View Single Post
Old 04-06-2011, 06:05 PM   #4605 (permalink)
EcoModding Apprentice
Join Date: Nov 2010
Location: Annapolis
Posts: 159
Thanks: 0
Thanked 29 Times in 24 Posts
Originally Posted by jackbauer View Post
So by way of safety the controller should also monitor battery current? And see that they maintain an expected relationship.
Yes. That would avoid this specific type of failure from becoming worse and allow detecting a few more fault types.

An interesting question is the benefit if you are using IGBTs with driver modules. (You are using them instead of MOSFETs, right?) The modules can shutdown on some types of short circuit faults (desaturation "desat" protection). It may be that instead of removing the need for battery current monitoring, it makes it more important. Instead of immediately burning out the "push" side devices, it allows them to keep pushing power into the shorted diodes. Something will eventually melt, and it may not be something safe.

An issue with adding this to the AVR-based Cougar controller design is the A/D converter. Not only is the current chip out of input pins, but the A/D converter is pretty slow. It's already only sampling the motor current every 4th cycle.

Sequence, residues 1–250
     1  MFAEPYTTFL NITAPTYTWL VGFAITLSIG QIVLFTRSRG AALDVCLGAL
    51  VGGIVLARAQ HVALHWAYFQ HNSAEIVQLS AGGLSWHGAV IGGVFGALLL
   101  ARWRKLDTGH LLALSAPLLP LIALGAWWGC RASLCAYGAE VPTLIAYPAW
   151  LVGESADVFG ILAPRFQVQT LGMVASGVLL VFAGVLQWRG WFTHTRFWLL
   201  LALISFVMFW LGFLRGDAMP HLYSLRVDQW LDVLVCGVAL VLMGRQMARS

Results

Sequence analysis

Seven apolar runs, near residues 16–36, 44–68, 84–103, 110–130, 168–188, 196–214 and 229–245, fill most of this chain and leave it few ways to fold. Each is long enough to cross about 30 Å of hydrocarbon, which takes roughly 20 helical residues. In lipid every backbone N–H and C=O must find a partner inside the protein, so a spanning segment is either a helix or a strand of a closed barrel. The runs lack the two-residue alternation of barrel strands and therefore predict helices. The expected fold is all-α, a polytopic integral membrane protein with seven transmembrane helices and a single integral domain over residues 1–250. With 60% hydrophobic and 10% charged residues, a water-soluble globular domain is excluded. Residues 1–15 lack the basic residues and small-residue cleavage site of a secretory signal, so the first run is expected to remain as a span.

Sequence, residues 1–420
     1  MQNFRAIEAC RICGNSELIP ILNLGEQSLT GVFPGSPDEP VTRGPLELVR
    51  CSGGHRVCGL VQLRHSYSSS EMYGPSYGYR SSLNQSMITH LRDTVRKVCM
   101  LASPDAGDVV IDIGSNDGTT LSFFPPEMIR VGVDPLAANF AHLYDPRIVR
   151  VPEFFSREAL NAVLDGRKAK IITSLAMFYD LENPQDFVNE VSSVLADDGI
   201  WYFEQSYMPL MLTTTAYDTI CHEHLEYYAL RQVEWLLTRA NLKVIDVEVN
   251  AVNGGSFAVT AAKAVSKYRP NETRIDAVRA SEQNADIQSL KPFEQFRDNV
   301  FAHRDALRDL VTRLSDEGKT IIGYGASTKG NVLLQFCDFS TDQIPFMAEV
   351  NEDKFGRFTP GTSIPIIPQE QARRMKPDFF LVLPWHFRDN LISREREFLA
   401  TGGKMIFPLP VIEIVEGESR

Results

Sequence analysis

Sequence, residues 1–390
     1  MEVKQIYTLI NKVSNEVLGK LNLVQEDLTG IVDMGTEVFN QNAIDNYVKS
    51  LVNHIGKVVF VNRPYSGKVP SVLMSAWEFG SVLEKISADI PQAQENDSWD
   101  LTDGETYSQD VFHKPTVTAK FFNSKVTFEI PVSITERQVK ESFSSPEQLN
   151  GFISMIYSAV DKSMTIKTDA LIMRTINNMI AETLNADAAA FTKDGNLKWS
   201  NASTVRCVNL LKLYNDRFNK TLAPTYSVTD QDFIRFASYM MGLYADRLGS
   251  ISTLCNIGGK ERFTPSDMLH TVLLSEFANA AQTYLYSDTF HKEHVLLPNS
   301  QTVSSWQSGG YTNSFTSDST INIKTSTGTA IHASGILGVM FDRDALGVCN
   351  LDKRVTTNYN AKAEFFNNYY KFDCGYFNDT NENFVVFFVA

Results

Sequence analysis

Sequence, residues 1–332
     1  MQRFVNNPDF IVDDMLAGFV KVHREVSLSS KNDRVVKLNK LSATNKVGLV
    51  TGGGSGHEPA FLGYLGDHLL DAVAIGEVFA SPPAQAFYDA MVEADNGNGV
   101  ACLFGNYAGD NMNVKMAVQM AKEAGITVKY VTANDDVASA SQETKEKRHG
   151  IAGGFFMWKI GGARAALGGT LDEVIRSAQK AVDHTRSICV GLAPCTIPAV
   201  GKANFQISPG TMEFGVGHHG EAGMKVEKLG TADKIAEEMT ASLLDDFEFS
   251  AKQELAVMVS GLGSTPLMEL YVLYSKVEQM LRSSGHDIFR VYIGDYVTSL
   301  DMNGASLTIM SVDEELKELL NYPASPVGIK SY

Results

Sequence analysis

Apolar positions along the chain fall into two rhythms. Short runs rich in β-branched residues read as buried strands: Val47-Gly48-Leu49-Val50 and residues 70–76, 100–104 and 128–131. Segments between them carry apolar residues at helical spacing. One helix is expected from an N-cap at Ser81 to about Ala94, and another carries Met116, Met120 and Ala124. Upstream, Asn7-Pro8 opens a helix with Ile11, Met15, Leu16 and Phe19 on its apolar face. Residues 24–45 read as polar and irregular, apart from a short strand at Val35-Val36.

That could be addressed by running the A/D converter at a faster clock. The next step up is doubling the converter clock. That would put it only slightly over the rating to get full accuracy. So the LSB would be a little noisier. But given that the controller already has a high level of electrical and magnetic noise, I doubt that it would be significant.

Control theory tells us that doubling the sample rate allows us to accept about double the noise for the same results. (A zillion caveats omitted, the most important of which is a non-correlated noise distribution.) Since we aren't going to be doubling the noise, we should end up with better control plus more available conversions for the battery current monitoring.

But this might not actually work for us. I don't believe that a 16MHz AVR has enough compute cycles to run the existing feedback loop twice as often. I'm sure it could be done, but it would require some really careful code tuning and worst-case analysis.
  Reply With Quote